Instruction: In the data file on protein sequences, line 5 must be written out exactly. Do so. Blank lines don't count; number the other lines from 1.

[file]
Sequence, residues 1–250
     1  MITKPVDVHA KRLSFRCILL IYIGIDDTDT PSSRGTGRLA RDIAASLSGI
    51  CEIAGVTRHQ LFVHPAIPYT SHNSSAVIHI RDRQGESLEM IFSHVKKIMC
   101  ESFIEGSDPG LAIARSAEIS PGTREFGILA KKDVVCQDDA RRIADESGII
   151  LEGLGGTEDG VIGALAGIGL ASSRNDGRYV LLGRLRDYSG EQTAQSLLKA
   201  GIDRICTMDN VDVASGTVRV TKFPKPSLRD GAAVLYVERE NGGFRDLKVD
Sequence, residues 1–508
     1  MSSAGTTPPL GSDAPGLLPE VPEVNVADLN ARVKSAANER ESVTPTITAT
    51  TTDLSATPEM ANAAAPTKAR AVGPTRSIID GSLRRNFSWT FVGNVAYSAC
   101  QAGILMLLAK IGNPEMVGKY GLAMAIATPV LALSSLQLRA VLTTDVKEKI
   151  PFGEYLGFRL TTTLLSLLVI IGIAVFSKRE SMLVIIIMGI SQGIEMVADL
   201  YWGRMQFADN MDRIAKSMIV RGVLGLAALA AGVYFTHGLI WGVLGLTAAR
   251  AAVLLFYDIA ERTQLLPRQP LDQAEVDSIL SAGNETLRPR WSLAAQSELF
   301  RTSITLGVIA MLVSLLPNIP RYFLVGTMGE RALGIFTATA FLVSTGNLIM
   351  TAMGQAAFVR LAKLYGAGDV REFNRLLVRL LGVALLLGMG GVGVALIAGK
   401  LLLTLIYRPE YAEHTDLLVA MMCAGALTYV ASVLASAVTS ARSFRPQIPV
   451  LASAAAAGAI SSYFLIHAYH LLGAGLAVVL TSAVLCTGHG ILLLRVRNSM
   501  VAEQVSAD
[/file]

   151  LEGLGGTEDG VIGALAGIGL ASSRNDGRYV LLGRLRDYSG EQTAQSLLKA